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Local writers pen book on Gallup’s notable denizens

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Gallup Independent Elizabeth Hardin-Burrola didn’t set out to write the book, “Legendary Locals of Gallup.”

Instead, it came about like one of those things that fall into place and blossom given the right opportunity – by happenstance, one could say.

Hardin-Burrola was approached by Arcadia Publishing, based out of Charleston, South Carolina, about three years ago, give or take, to pen a book highlighting the people that make Gallup special. It’s part of Arcadia’s “legendary locals” series of books.

“This is series specific to small, regional histories,” she said.

No doubt decorated Korean War hero, Medal of Honor recipient Hiroshi “Hershey” Miyamura made the cut. So did the late Gallup Independent publisher John Zollinger and his beloved widow Martha Zollinger. Even balloonist, Chamber of Commerce executive and County Commissioner Bill Lee is featured.

Oodles of prominent folks made the cut, more than 140 in all.

The 128-page book features a paragraph – or three – on each person or group, divided into four chapters: History Makers, Traders and Native Culture, Community Builders, and Creative Voices.

Hardin-Burrola struggled on whether she should take on the challenge due to an already hectic schedule. So, she sought the help of two other history-loving buffs – retired librarian and writer Carol Sarath and local attorney and former Gallup mayor Bob Rosebrough.

“I really didn’t want to do it by myself,” she said, adding that her partners were at the ready to help her tell the stories of the numerous beloved locals that fill the book’s pages.

Sarath used her librarian prowess to dig into the past; Hardin-Burrola had access to old newspaper clippings and photos; and Rosebrough’s writing skills and analytical attorney mind made for an exceptionally balanced and powerful writing trio.

Rosebrough deemed the collaboration as “beneficial,” saying each writer brought something special to the mix.

“I think the book is broad and diverse,” Rosebrough said. “There were many people interviewed that I didn’t know about.”

Full of colorful characters, when asked what particular individual stood out to each writer, it took a moment for the trio being interviewed together to come up with one person in specific.

But they did, well,  sort of.

Hardin-Burrola was captivated by Jesus Arviso’s biography. As a young Mexican boy, he was enslaved by the Apaches, then traded to a Navajo man in exchange for a horse.  He served as a Spanish and Navajo language translator, and made the historical and tragic long walk to Fort Sumner alongside the Navajos. He rose to prominence when he served as an interpreter during the high stakes Treaty of 1868.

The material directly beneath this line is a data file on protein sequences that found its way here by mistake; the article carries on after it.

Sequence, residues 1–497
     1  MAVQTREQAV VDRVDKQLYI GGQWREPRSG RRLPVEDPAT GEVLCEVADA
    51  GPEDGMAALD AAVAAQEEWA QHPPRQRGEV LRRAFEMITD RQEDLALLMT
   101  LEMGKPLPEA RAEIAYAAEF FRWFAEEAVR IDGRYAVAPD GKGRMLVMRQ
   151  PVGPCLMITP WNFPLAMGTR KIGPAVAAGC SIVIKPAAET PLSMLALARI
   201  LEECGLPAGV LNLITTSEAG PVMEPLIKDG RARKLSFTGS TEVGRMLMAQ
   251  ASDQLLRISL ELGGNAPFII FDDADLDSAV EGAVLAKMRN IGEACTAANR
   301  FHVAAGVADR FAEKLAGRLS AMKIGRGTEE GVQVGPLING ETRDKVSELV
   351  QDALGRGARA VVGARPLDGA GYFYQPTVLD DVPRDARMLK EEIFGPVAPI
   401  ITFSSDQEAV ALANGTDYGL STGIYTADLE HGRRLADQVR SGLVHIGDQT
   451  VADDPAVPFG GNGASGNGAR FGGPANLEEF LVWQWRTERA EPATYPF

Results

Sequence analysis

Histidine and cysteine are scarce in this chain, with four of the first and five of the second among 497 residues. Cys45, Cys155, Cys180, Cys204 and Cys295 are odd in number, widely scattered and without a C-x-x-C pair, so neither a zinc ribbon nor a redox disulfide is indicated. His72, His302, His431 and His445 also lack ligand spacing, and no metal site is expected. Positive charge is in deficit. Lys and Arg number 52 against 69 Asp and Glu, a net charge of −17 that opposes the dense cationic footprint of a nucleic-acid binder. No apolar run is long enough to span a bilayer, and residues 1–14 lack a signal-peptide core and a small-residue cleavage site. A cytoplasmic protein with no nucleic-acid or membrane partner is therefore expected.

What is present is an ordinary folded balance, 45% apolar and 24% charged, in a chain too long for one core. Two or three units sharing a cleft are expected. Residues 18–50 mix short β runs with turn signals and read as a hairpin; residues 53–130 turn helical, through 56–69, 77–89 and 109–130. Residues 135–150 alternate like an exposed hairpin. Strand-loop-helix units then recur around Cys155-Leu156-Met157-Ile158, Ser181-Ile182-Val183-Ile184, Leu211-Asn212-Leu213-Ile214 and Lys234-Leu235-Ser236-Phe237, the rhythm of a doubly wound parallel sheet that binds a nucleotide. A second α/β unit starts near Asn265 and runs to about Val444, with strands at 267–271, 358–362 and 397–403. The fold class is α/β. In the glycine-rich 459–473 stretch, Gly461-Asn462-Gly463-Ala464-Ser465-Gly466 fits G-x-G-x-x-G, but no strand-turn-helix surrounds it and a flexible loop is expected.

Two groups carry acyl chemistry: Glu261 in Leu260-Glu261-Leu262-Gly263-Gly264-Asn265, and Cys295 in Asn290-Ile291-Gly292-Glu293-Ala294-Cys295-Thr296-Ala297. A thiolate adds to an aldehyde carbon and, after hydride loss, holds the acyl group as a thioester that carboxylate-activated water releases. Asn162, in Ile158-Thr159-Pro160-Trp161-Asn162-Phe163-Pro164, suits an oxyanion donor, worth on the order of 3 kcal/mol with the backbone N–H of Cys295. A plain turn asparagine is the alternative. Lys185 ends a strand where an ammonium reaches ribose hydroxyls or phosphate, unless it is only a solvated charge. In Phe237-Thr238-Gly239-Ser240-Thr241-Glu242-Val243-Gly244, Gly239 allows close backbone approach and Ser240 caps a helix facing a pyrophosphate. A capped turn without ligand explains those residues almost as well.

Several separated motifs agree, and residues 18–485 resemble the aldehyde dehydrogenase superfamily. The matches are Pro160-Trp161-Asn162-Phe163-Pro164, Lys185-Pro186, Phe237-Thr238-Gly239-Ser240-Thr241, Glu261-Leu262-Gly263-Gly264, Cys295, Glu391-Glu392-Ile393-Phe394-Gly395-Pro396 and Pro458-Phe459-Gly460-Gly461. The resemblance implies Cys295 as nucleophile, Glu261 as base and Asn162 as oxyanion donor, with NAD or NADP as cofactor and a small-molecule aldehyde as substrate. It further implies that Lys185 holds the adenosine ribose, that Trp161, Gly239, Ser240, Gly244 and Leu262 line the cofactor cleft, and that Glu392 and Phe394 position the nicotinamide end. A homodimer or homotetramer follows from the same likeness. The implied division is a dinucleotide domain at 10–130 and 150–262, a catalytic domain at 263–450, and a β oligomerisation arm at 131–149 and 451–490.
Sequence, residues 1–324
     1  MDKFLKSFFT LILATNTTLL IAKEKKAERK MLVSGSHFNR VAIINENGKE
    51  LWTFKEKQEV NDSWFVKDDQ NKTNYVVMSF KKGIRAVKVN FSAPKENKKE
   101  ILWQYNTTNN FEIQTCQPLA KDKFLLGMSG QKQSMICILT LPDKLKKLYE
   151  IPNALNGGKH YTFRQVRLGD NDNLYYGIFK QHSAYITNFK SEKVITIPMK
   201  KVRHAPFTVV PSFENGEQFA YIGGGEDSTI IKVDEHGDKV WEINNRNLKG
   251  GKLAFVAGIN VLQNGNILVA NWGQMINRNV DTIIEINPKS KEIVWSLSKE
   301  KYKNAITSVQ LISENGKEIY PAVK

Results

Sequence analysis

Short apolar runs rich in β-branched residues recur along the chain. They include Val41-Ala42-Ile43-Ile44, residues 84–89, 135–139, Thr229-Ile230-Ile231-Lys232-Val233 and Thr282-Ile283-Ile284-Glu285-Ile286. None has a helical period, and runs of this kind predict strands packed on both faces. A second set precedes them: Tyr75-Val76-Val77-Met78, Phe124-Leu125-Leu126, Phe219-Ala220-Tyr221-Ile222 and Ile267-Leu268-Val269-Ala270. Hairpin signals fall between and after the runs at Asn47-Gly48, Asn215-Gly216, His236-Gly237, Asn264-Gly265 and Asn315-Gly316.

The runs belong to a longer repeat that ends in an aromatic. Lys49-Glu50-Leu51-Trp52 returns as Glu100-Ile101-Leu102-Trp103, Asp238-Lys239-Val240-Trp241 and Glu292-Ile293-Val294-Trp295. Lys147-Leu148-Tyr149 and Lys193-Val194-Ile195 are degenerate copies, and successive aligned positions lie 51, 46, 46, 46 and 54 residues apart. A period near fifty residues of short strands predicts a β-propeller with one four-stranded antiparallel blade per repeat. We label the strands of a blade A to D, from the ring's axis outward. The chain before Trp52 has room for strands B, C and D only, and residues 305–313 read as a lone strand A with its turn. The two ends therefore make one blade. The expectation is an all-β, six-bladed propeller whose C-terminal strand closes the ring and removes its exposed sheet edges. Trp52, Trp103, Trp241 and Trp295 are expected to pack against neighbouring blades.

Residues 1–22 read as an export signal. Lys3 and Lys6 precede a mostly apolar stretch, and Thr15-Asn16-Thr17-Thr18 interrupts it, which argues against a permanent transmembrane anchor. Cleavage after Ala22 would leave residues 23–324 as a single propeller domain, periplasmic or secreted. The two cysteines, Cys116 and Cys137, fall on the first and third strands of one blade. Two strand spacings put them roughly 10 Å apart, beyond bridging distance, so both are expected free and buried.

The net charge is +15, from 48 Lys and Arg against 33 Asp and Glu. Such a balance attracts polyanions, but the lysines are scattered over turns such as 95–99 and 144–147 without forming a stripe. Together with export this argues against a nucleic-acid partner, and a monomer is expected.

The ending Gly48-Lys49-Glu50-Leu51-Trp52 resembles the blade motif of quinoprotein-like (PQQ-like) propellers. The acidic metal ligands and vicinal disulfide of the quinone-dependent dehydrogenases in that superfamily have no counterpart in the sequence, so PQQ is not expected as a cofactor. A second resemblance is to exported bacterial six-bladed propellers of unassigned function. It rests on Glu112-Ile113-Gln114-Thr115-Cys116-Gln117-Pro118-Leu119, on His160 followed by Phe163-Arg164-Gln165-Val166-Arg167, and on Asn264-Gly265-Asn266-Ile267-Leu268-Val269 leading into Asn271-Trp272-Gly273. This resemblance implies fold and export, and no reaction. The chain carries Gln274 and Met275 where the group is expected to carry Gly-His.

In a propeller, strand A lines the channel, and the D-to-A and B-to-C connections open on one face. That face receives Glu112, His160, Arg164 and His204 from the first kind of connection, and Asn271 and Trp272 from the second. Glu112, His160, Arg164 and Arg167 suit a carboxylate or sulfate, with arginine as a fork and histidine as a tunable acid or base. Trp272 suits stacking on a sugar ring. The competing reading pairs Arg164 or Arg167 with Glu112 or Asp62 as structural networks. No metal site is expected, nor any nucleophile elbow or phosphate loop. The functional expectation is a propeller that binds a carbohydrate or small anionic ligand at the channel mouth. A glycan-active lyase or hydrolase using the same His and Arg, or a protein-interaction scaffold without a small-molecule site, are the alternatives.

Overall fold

“Who would have ever thought that he would end up being a part of Navajo history?” she said.

Sarath felt an immediate connection to the biography of Kenji Kawano, a Japanese-American photographer who hitched a ride with Navajo Code Talker Carl Gorman in 1975. The rest is history, and what has emerged following that chance meeting were the creation of artistic photographs of Navajo landscapes and people.

“He’s someone people don’t hear about,” she said. “He’s an amazing person.”

Rosebrough had a tougher time, saying “there’s a lot of favorites.”

“The collection of people of Gallup speaks to the richness of our community,” he added.

He mentioned the late Native activist Larry Casuse, and former Gallup mayor Emmett Garcia. Casuse and an accomplice kidnapped then-mayor Garcia by gunpoint. Casuse reportedly wasn’t pleased with Garcia’s appointment to the UNM Board of Regents because of his partial ownership of a bar. Shots were fired, and Casuse died.

“I feel of a great deal of empathy toward those two profiles,” Rosebrough said.

None of the authors plan on getting rich from any royalties paid out on the book.

Instead, they decided to donate proceeds to their favorite charity.

The authors will be selling and signing copies of the book during Saturday’s ArtsCrawl. They will be at ART123, located at 123 W. Coal Ave., from 7 to 9 pm. Author proceeds from the book, which sells for $21.99, are being donated to: Adventure Gallup, Big Brothers Big Sisters Mountain Region and gallupARTS.

Information: Elizabeth Hardin-Burrola at (505) 870-0745.

By Babette Herrmann

Sun Editor

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